Sandwiched between Lake Como and Lake Maggiore, Lake Lugano is at risk of being overshadowed by such surrounding beauty. But Lugano more than stands up for itself. And as it weaves across the Swiss and Italian borders, Lake Lugano offers unique cultural experiences too.
Shimmering amid the towering mountains of southern Switzerland and leaning out into the far reaches of northern Italy, Lake Lugano is magnificent.
Picturesque towns and villages spill down the mountainside and nestle at the lake’s shores, and little boats bob across Lugano’s sparkling surface.
This glacial lake, embedded in the majestic landscape of the Alps, holds your chin close to the ground as you gape at its splendour.
See for yourself:
Postcards from Lake Lugano
Straddling the borders of Italy and Switzerland at multiple points, Lake Lugano offers the unusual opportunity of being able to look across at another country from either side of its shores.
And sometimes those shores are no more than 50 metres apart.
Click here to skip down to what you can do on Lake Lugano – but make sure you don’t miss our postcards from this stunning part of Europe.
What to do in Lake Lugano
It’s important to remember that to visit this magnificent body of water, you’ll need to carry two currencies: euros and Swiss francs.
The majority of towns around the shores of Lake Lugano fall within a thin finger of the Swiss border that encompasses much of the lake.
However, there are some parts of Lake Lugano that are still in Italy, and it’s interesting to see if you can spot the differences and similarities in cultures between the two countries.
In fact, if you want to visit Switzerland but you also want to avoid as much as possible the surprisingly higher prices compared to Italy, Lugano is a good option. Visiting the Swiss parts of Lake Lugano but staying in accommodation in Italy will certainly save you money.
But while you’re on Lake Lugano, here are 5 highlights you shouldn’t miss:
1. Visit Lugano town
Lugano is the largest town on the lake – the largest in Ticino (the Italian-speaking part of Switzerland) in fact. It’s a beautiful blend of Swiss sophistication and Italian elegance.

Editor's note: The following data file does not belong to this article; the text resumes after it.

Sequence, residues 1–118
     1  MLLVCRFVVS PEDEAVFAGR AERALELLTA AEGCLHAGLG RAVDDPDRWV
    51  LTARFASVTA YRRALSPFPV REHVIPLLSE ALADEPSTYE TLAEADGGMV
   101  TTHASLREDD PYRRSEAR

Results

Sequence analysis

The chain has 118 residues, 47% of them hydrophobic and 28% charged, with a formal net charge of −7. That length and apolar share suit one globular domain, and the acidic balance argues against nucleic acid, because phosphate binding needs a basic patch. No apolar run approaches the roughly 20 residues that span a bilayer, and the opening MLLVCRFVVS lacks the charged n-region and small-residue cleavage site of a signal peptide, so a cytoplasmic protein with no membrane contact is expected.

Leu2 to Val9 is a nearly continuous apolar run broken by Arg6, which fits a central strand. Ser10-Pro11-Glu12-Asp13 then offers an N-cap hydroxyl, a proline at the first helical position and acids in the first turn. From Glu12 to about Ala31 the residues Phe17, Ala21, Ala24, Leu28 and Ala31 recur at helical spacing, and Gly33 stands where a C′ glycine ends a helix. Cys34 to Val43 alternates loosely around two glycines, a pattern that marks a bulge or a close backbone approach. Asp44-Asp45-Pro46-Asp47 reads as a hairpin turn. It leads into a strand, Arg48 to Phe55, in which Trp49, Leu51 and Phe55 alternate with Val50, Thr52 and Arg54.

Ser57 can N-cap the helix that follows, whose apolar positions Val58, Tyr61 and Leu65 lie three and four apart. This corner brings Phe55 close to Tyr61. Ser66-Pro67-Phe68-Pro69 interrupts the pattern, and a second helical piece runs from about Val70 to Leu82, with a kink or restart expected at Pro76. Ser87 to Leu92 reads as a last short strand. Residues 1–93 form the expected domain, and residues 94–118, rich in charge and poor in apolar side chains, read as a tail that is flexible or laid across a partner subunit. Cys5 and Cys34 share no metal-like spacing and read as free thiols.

Immerse yourself in the beautiful old town of Lugano, full of the grand palaces, broad piazzas and narrow streets so typical of old European cities.
Best of all, have lunch at Gabbani. The food here is superb, but the al fresco seating provides the entertainment. The people-watching here is off the charts.
2. Explore the lakeshore at Lugano town
Exploring the city’s biggest park – Parco Civico-Ciani – is one of the best things to do. Its wooden boardwalk takes you through the park and along the lakeside. There are artworks on display and the Natural History Museum is nearby.
Further round and away from the city centre, the tree-lined promenade stretched around lake. It’s a beautiful, romantic walk that takes in the best of the water views. If you have time, stop in at Lido Riva Caccia – a swimming pool and bar right on the lake.
3. Catch a ferry across the lake to Morcote
From Lugano, ferries can take you to most parts of the lake. However, Morcote (see our next points) is a unique town of the area. You can drive to Morcote, but traffic can be tricky – especially if there’s a classic car rally going by!
If you’re short of time, hire a pedalò in Lugano. They have lots of different ones from pedal-powered classics to motor-driven ones big enough to carry a family of 8. There’s even one with its own barbecue on it.
4. Visit Morcote
This quaint lake-side town, which is over 1000 years old, sits on the steep southern end of Lake Lugano and looks out directly at Italy on the opposite shore. It’s known as the Pearl of the Ceresio – the old name for Lake Lugano.
The narrow main road that runs around the town separates the lakeshore from the rest of Morcote. Exploring the alleys and steep steps is very much worth the effort as they take you up into the intricate paths of the town proper.
All those steps will also make the drink and snack at one of the many cafés and restaurants along the waterfront even more rewarding. Lunch at one of these places is a must.
5. Visit the Church of Santa Maria del Sasso
High above the town, a pinnacle of the mountainside, the Chiesa Santa Maria del Sasso has incredible views. It’s a long, hard slog up many, many steps to get here, but the effort is worth it.
The church, which dates back to 13th Century, is an impressive building with plenty of nooks and courtyards to explore. On your way back down to the town, keep an eye out for a small building on its own. Inside is an unusual fresco depicting hell, with angels looking down on human souls caught in a giant fishing net.
You should also check out the cemetery, balanced on the steep incline of the southern spur of the Swiss Prealps. The headstones and mausoleums of important citizens have spectacular views over the lake and surrounding countryside.
Bonus tip: ignore the other travel lists
We’ve seen quite a few travel lists on Lugano telling visitors to go to the miniature replica of Lake Lugano. Having driven past it and laughed at the model, we don’t think this is particularly good advice. It looks rubbish.
If you want a good overview of Lake Lugano, use Google maps and set it to 3D satellite and save yourself $30.
Have you been to beautiful Lago Lugano? Do you have any tips on where to go here? Have you ever been to a miniature village? Tell us in the comments!
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